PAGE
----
Date of Award

12-2013

Degree Type

Thesis

Degree Name

Master of Science

Major

Chemistry

Major Professor

Robert N. Compton

Committee Members

Robert L. Hettich, Shawn R. Campagna, Michael J. Sepaniak

Abstract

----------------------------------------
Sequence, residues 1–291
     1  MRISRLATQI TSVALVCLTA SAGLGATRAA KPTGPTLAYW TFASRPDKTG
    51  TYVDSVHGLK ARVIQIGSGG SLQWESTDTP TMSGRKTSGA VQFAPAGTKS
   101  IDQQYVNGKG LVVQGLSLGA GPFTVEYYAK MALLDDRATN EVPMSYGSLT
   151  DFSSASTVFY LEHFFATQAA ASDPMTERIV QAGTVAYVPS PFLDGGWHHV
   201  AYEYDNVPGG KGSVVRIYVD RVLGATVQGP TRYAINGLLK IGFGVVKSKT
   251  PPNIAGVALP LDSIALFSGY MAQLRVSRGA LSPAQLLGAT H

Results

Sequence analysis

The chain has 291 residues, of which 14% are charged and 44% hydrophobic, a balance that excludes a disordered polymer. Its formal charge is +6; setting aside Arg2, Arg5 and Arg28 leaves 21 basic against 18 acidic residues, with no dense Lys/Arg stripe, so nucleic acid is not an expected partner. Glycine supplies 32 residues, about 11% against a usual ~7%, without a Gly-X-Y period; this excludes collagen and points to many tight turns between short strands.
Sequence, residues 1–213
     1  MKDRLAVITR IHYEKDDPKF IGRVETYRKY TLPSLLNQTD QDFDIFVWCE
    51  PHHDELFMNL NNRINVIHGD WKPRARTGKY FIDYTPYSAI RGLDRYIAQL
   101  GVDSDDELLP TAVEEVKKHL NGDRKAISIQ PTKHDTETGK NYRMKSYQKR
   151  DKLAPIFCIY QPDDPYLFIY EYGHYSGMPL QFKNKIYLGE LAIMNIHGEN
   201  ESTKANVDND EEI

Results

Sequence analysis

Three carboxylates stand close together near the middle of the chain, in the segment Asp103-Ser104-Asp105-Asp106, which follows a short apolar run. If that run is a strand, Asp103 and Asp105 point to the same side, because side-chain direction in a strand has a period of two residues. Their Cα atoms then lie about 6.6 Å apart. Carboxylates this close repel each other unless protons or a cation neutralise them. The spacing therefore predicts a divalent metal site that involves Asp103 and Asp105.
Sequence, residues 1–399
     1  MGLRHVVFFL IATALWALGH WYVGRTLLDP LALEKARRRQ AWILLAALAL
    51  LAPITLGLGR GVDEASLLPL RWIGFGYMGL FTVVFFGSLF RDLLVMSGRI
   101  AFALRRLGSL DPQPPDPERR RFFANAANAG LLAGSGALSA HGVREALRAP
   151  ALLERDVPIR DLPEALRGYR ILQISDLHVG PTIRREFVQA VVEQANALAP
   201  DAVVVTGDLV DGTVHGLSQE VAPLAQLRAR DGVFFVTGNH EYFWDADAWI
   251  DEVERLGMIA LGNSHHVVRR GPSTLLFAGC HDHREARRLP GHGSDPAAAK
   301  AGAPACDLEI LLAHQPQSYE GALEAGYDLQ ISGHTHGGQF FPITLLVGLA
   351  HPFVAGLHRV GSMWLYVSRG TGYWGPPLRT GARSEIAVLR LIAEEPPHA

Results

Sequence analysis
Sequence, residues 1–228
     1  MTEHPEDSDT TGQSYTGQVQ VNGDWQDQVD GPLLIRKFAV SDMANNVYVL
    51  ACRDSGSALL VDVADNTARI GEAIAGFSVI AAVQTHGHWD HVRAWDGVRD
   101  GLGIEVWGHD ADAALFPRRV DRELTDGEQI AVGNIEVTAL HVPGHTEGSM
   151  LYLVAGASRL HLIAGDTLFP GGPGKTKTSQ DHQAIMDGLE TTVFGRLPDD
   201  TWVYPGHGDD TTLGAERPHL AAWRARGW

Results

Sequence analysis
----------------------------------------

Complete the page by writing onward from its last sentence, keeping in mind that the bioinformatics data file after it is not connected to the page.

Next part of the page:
Multiple Reaction Monitoring (MRM) is a powerful tandem mass spectrometry (MS/MS) tool frequently implemented in proteomic studies to provide targeted analysis of proteins and peptides. The selectivity that MRM delivers is so strong that it provides the quadrupole mass spectrometers (QQQ), on which it is commonly employed, with pertinence to proteomic studies that they would otherwise lack for their relatively low resolution. Additionally, this increased level of selectivity is sufficient enough to supplant complicated fractionation techniques, additional dimensions of chromatography, and 24 hour long MS/MS experiments in simplistic biological samples. But there is a deficiency of evidence to determine the applicability of MRM to complex samples such as those containing the entire proteome of single cellular organisms. These samples are often employed to profile entire metabolic pathways at a cellular level using the complete set of proteins involved in the pathway’s characteristic enzyme driven reactions. This sweeping view of gene expression is vital to understand cellular response, and profiling these expressions would benefit greatly from the introduction of MRM as a viable approach for characterizing metabolic networks. This thesis takes two significant steps towards this viability by first demonstrating MRM reproducibility in complex samples, and characterizing degrees to which certain design related factors influence the quality of these MRM. The next step applies knowledge gained by the first to exhibit the MRM profiling a vital metabolic pathway from a complex sample. This step also demonstrates the self-sufficient utility an ab initio method designing MRM. Combining the ab initio design approach with the MRM of complex samples represents substantially shorter experimental preparations for profiling metabolic networks, and renders the characterization gene expression on a cellular level as a more widely accessible study within proteomics.

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